Nepotism in Employment

College employment should be based solely on human-resource needs and individual qualifications, skills, and performance. Therefore, the college maintains that employment should be free from familial relationships that may create the appearance of conflicts of interest (real or perceived), introduce uncertainty in regard to loyalty, or hint at favoritism.

Responsible office
Human Resources
Responsible party
Vice President for People and Workplace Culture
Last revision
March 2017
Approved by
The Cabinet
Approval date
August 2013
Effective date
August 2013
Last review
March 2017
Additional references
Colorado Anti-Discrimination Act


All financial and administrative policies involving community members across campus, including volunteers are within the scope of this policy. If there is a variance between departmental expectations and the common approach described through college policy, the college will look to the campus community, including volunteers to support the spirit and the objectives of college policy. Unless specifically mentioned in a college policy, the college’s Board of Trustees are governed by their Bylaws.


No person who shares or appears to share a close relationship with a college employee by kinship, adoption, marriage, or who is a member of the same household may be appointed to regular positions or as an independent contractor, where one might exert any influence or produce any consequence upon the employment of the other. Influence and consequence includes, but is not limited to, recruitment, screening, appointment, termination of appointment, promotion, demotion, approval of salary increase or decrease, supervision, or evaluation.



Employment of more than one family/household member* in the same program, department or division of the college requires special justification by the appropriate administrator in terms of personnel requirements and the unique qualifications of the individual.  Such appointments must be reviewed by the Vice President for People and Workplace Culture.

In situations where an employee is in a working relationship with a family/household member who exerts influence or can levy consequences upon the other, the college will immediately assess the situation. Human Resources will advise the employee of the available alternatives, which may include:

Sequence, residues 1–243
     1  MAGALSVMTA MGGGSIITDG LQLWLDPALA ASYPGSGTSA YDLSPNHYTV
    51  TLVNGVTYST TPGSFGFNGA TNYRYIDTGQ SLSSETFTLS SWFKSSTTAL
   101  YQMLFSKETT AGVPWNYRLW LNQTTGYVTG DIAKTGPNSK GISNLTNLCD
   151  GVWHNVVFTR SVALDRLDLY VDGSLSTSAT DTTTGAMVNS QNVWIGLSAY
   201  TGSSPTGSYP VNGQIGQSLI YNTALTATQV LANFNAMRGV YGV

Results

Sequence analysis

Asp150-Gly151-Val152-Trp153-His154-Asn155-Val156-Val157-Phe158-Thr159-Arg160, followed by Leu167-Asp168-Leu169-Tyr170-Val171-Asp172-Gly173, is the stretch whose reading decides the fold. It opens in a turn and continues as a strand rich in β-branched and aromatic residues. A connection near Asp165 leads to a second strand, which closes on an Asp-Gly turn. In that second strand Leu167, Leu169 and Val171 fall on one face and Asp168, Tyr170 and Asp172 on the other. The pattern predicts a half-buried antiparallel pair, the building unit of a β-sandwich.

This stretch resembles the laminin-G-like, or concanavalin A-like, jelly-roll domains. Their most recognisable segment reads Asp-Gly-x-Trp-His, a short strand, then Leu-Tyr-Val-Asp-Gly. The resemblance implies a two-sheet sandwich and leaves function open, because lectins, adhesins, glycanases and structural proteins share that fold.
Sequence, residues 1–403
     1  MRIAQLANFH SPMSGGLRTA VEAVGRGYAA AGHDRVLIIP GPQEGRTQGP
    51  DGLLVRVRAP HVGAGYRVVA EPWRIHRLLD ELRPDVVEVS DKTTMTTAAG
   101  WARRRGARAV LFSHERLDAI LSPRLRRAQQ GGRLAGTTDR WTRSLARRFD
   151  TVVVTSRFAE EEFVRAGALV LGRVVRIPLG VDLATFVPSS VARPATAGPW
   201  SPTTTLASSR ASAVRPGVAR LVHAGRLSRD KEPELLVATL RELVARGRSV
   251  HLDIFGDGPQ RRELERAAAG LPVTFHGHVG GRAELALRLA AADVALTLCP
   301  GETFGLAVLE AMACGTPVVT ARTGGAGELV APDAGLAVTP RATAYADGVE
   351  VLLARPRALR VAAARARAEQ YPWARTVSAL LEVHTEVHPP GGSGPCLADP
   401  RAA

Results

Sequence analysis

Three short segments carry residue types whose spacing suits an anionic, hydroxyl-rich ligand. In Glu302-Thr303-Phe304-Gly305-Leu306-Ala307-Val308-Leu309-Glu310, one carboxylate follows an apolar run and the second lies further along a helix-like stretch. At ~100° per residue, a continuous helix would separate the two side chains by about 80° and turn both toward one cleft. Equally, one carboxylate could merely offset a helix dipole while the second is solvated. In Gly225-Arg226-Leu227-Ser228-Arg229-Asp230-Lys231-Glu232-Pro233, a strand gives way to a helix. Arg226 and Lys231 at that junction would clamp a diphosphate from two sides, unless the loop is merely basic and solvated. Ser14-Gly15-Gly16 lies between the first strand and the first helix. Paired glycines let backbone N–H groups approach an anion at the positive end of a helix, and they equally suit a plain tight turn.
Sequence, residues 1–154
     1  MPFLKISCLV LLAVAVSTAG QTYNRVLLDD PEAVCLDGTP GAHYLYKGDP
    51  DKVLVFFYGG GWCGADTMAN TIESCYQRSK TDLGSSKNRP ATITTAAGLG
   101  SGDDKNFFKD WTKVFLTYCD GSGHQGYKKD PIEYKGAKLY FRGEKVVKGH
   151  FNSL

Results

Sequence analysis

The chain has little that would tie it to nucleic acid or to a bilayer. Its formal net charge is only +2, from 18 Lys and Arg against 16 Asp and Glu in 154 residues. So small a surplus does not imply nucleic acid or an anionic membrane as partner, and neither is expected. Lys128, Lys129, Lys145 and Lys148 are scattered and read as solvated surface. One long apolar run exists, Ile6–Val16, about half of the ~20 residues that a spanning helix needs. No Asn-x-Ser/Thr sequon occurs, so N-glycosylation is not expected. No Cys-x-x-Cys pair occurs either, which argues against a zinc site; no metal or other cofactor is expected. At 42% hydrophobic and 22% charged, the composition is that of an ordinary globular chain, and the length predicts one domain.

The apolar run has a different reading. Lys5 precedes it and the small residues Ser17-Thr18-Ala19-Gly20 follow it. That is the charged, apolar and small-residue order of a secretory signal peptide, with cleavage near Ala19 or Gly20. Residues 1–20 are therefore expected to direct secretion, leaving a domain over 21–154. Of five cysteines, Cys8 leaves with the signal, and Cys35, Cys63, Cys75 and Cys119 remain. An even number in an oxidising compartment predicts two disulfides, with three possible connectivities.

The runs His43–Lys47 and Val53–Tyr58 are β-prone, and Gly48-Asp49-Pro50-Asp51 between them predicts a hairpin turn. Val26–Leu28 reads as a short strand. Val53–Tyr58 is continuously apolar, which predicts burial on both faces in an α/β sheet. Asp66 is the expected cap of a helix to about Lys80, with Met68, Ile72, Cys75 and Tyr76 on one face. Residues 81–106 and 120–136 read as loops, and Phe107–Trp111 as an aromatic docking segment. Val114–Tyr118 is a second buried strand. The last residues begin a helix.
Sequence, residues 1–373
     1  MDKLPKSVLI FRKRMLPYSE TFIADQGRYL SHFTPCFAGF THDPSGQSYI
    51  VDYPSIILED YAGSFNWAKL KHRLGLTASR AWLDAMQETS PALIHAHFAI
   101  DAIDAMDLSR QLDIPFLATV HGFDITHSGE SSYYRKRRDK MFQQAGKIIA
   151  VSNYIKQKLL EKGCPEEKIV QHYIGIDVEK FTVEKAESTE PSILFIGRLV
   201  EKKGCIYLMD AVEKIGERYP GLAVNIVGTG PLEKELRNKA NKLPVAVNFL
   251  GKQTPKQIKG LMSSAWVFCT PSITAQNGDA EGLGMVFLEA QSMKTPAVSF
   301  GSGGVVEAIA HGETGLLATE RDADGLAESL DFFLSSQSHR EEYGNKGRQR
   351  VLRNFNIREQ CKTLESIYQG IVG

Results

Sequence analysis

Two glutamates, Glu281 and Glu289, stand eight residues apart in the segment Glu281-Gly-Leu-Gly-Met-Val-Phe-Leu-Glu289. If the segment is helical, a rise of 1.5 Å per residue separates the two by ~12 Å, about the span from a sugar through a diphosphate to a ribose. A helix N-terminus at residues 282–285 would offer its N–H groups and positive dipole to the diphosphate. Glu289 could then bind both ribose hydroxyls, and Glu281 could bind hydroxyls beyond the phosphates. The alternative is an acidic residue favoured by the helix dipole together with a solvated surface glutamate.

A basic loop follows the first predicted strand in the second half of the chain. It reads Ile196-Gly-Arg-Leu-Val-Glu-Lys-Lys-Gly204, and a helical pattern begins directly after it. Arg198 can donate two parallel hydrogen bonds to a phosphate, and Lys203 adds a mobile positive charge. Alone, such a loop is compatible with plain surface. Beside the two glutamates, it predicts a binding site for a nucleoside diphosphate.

• voluntary transfer (if feasible) to other departments on campus
  • efforts to assign job duties so as to minimize problems of supervision or morale 

If there is no alternative available, or the employee is unable or unwilling to agree to an alternative, the college may take action including, but not limited to, an involuntary transfer or termination of employment.

Requests for exceptions back to top

Any exception for regular positions must have the approval of the President. Appointments to temporary assignments or as independent contractors must be approved by the Senior Vice President of Finance and Administration

The college shall not employ or contract with a family/household member of the president except under extraordinary circumstances deemed necessary and with explicit prior approval by the chair of the board of trustees


Family/household members: back to top

For the purposes of this policy, family/household members include: spouse, sibling, parent, child, grandparent, grandchild, niece, nephew, in-laws, domestic partner, and person in a co-habitation relationship, as well as step-parents, stepchildren, step-siblings, step-grandparents and step-grandchildren. This policy also applies to intimate partners defined as a person with whom the employee is having a current romantic and/or sexual relationship.

Favoritism: back to top

Occurs when a person who (by virtue of their position with the college) has authority to grant or deny college-related benefits, but abandons professional judgment and confers those benefits because of some special relationship rather than on the basis of merit or qualifications.

Report an issue - Last updated: 10/19/2022